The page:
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World J Gastroenterol. 2016 Oct 14;22(38):8584-8595.

Racial/ethnic disparities in hepatocellular carcinoma treatment and survival in California, 1988-2012.

Author information

1
Susan L Stewart, Division of Biostatistics, Department of Public Health Sciences, University of California, Davis School of Medicine, Sacramento, CA 95817, United States.

Abstract

AIM:

To describe racial/ethnic differences in treatment and survival among liver cancer patients in a population-based cancer registry.

METHODS:

Invasive cases of primary hepatocellular carcinoma, n = 33270, diagnosed between January 1, 1988-December 31, 2012 and reported to the California Cancer Registry were analyzed by race/ethnicity, age, gender, geographical region, socio-economic status, time period of diagnosis, stage, surgical treatment, and survival. Patients were classified into 15 racial/ethnic groups: non-Hispanic White (White, n = 12710), Hispanic (n = 8500), Chinese (n = 2723), non-Hispanic Black (Black, n = 2609), Vietnamese (n = 2063), Filipino (n = 1479), Korean (n = 1099), Japanese (n = 658), American Indian/Alaskan Native (AIAN, n = 281), Laotian/Hmong (n = 244), Cambodian (n = 233), South Asian (n = 190), Hawai`ian/Pacific Islander (n = 172), Thai (n = 95), and Other Asian (n = 214). The main outcome measures were receipt of surgical treatment, and cause-specific and all-cause mortality.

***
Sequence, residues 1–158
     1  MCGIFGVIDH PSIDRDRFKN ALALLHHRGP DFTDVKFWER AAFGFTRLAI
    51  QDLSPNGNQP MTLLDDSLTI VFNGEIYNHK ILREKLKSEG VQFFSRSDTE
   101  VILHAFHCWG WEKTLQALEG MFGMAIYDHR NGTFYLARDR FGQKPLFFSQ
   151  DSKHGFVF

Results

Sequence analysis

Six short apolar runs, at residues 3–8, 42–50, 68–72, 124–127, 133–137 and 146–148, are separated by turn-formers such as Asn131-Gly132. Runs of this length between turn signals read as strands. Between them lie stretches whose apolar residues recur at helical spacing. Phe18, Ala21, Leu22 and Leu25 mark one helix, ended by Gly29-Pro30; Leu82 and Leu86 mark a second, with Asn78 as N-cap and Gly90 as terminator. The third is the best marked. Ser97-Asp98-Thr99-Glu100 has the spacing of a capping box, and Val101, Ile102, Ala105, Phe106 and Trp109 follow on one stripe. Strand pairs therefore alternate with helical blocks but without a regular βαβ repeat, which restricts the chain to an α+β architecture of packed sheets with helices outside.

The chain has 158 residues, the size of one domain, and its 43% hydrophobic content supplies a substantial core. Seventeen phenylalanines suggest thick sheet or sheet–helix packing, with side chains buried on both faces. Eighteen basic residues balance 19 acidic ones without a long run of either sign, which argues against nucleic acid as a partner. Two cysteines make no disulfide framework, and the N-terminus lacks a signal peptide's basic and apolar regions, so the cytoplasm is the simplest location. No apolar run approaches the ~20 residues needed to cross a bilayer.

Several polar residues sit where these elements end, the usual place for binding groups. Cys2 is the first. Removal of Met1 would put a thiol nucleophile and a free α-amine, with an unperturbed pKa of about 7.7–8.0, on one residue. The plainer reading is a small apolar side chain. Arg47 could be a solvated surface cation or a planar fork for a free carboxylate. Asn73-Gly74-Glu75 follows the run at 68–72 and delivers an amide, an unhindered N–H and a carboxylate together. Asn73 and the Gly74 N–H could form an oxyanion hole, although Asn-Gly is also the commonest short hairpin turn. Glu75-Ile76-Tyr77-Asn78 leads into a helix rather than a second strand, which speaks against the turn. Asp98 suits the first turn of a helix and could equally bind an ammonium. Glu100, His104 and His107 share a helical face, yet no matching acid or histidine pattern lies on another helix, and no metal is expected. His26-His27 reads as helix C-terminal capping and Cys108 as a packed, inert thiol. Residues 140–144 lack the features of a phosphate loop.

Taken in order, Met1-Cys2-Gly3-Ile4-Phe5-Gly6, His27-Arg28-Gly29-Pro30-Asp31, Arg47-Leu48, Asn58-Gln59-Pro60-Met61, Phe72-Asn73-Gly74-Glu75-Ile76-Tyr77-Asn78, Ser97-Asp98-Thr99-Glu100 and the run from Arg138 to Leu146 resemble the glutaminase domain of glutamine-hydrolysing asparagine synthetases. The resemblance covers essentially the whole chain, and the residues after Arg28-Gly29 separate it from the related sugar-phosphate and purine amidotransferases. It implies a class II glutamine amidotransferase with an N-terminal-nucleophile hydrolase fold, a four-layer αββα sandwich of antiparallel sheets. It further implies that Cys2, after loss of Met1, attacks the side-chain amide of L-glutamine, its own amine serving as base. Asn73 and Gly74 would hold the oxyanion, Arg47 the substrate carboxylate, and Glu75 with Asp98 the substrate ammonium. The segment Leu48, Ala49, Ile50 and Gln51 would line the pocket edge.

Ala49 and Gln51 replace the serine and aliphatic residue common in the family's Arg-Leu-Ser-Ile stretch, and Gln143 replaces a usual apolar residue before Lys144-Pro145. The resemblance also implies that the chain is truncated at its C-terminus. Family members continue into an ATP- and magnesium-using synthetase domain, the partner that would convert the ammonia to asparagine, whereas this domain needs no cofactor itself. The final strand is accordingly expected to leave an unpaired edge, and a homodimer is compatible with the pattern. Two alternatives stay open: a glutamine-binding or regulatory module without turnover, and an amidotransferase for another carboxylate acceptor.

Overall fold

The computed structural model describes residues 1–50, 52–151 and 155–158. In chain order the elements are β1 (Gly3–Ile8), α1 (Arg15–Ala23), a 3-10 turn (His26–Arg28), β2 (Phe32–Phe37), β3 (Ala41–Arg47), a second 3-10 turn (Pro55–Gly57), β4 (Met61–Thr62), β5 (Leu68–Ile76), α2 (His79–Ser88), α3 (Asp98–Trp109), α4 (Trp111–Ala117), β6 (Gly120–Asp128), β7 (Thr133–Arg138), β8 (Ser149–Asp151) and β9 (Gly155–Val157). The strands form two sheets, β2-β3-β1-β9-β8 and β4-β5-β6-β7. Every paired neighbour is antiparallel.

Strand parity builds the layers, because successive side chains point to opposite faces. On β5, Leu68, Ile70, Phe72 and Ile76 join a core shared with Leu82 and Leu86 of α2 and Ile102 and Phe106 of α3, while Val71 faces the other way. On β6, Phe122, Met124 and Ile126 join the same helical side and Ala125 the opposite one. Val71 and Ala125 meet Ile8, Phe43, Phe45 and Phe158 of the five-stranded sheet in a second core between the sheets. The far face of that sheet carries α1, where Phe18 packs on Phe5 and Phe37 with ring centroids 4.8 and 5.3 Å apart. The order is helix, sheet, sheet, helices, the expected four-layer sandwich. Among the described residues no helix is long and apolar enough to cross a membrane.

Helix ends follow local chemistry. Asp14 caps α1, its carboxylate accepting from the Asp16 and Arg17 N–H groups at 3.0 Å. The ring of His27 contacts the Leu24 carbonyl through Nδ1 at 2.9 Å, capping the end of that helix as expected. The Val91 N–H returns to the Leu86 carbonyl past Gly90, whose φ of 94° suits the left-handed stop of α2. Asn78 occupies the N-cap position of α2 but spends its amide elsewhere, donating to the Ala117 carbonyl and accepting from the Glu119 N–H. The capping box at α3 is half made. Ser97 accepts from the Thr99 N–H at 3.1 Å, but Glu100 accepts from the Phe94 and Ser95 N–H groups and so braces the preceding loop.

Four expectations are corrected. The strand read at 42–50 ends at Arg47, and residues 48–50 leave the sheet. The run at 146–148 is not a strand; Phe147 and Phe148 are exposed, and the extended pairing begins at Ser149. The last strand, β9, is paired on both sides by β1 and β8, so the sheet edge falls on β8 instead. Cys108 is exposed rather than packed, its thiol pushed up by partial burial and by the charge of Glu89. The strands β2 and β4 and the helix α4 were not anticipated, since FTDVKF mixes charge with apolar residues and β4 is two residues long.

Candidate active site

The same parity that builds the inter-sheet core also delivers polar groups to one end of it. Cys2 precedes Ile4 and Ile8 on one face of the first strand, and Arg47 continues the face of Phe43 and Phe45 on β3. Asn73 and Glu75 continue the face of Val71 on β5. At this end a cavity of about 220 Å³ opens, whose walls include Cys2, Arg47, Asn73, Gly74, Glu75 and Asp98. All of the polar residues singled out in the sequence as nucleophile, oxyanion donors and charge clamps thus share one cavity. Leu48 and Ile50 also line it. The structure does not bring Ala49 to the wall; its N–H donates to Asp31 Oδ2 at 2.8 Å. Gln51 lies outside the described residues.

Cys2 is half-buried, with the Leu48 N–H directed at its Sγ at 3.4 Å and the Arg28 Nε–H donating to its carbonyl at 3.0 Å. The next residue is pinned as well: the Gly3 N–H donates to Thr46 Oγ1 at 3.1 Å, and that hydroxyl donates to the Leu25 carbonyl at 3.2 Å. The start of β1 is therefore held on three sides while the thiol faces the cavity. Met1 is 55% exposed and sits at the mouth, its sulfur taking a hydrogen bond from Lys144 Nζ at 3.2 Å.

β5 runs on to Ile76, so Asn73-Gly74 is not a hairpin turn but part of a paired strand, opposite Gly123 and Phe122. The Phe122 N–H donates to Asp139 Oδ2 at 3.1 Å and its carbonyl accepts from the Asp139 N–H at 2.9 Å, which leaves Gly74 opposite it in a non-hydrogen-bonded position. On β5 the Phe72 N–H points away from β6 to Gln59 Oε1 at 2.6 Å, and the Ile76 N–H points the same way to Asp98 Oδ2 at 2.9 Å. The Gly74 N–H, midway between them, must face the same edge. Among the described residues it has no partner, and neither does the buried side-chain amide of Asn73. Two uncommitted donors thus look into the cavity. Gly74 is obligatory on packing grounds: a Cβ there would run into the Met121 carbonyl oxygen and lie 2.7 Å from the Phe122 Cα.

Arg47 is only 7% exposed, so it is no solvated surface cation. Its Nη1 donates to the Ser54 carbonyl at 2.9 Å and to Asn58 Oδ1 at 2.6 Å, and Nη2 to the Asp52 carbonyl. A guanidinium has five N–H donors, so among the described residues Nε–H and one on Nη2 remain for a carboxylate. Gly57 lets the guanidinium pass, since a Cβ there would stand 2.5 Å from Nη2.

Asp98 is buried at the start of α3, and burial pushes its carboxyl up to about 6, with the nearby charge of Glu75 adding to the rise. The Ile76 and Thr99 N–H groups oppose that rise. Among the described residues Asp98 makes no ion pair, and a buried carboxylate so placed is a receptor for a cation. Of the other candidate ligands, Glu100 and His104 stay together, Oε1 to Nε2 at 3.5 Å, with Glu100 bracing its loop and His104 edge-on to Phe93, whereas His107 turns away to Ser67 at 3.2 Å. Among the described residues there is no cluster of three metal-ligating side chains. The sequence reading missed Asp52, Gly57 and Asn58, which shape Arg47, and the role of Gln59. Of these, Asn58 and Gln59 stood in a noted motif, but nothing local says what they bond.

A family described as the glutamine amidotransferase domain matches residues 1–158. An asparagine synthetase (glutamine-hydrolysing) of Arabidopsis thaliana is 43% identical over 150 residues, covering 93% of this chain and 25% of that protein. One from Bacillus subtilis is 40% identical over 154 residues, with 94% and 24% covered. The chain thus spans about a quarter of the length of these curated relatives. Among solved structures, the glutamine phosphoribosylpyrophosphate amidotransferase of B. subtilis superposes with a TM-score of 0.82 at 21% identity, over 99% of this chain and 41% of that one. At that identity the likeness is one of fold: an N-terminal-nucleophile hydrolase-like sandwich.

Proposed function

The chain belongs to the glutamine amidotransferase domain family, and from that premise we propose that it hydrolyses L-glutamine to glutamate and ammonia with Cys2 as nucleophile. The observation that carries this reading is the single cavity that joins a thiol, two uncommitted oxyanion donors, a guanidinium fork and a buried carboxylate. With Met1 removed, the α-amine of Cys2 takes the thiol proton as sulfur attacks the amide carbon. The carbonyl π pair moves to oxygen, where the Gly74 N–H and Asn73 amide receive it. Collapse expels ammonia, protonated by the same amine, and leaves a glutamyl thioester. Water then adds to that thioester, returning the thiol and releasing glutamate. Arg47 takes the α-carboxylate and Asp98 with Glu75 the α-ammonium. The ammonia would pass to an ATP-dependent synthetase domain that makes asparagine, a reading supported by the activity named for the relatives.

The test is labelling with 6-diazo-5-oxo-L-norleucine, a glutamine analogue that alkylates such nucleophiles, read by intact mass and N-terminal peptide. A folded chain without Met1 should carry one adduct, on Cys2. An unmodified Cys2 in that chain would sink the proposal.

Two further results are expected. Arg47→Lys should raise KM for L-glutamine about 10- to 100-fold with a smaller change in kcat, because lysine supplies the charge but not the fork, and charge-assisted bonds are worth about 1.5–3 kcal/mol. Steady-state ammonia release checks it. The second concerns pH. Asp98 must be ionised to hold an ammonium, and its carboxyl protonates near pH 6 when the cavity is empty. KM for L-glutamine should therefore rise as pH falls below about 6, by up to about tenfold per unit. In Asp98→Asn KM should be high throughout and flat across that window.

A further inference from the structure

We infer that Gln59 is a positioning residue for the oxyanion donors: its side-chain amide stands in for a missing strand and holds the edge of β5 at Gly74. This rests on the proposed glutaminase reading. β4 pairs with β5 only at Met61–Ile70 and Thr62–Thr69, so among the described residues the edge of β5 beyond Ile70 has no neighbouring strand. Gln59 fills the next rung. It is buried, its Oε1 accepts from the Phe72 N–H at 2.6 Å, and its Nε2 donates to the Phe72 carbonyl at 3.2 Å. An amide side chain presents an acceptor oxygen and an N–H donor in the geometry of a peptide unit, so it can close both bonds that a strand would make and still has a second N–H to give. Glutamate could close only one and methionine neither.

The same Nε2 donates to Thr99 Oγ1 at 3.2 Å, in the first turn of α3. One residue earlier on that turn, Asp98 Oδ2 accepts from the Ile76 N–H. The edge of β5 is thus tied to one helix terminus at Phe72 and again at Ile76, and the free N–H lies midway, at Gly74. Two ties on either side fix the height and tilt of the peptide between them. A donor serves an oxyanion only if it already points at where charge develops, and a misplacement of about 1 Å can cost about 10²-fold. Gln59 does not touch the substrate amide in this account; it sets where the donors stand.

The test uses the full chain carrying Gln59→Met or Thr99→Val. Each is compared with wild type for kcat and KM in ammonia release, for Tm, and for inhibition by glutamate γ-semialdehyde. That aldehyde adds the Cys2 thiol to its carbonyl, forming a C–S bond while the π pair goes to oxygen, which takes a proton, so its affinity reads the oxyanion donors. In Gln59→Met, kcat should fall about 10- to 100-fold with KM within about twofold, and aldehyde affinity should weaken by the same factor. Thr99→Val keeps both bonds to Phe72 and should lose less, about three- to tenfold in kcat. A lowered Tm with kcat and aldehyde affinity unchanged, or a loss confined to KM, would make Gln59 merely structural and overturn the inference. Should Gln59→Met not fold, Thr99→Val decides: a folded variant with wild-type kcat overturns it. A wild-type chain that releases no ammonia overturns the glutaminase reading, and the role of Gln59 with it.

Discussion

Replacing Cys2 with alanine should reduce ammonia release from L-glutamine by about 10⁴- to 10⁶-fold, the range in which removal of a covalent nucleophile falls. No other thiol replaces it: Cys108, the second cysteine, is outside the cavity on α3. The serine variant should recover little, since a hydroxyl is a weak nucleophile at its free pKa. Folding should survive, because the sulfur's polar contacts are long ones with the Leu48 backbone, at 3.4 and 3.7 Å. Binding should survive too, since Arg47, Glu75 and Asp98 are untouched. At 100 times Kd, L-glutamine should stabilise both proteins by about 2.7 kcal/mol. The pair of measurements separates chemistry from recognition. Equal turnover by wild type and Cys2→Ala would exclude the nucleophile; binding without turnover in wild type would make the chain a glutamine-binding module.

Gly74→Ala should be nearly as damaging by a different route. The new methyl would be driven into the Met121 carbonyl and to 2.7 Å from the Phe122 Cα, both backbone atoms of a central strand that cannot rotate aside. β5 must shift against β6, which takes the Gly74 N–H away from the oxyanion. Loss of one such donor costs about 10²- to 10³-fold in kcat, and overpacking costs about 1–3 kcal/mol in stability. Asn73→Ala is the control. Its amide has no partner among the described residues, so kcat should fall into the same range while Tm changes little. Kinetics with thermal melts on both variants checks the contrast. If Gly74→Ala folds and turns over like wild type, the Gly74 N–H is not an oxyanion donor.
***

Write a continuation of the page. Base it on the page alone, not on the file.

RESULTS:

After adjustment for socio-demographic characteristics, time period, and stage of disease, compared to Whites, Laotian/Hmong [odds ratio (OR) = 0.30, 95%CI: 0.17-0.53], Cambodian (OR = 0.65, 95%CI: 0.45-0.96), AIAN (OR = 0.66, 95%CI: 0.46-0.93), Black (OR = 0.76, 95%CI: 0.67-0.86), and Hispanic (OR = 0.78, 95%CI: 0.72-0.84) patients were less likely, whereas Chinese (OR = 1.58, 95%CI: 1.42-1.77), Koreans (OR = 1.45, 95%CI: 1.24-1.70), Japanese (OR = 1.41, 95%CI: 1.15-1.72), and Vietnamese (OR = 1.26, 95%CI: 1.12-1.42) were more likely to receive surgical treatment. After adjustment for the same covariates and treatment, cause-specific mortality was higher for Laotian/Hmong [(hazard ratio (HR) = 1.50, 95%CI: 1.29-1.73)], Cambodians (HR = 1.35, 95%CI: 1.16-1.58), and Blacks (HR = 1.07, 95%CI: 1.01-1.13), and lower for Chinese (HR = 0.82, 95%CI: 0.77-0.86), Filipinos (HR = 0.84, 95%CI: 0.78-0.90), Vietnamese (HR = 0.85, 95%CI: 0.80-0.90), Koreans (HR = 0.90, 95%CI: 0.83-0.97), and Hispanics (HR = 0.91, 95%CI: 0.88-0.94); results were similar for all-cause mortality.

CONCLUSION:

Disaggregated data revealed substantial racial/ethnic differences in liver cancer treatment and survival, demonstrating the need for development of targeted interventions to mitigate disparities.

KEYWORDS:

Disparities; Hepatocellular carcinoma; Liver cancer; Survival; Treatment

PMID:
27784971
PMCID:
PMC5064040
DOI:
10.3748/wjg.v22.i38.8584
[Indexed for MEDLINE]
Free PMC Article

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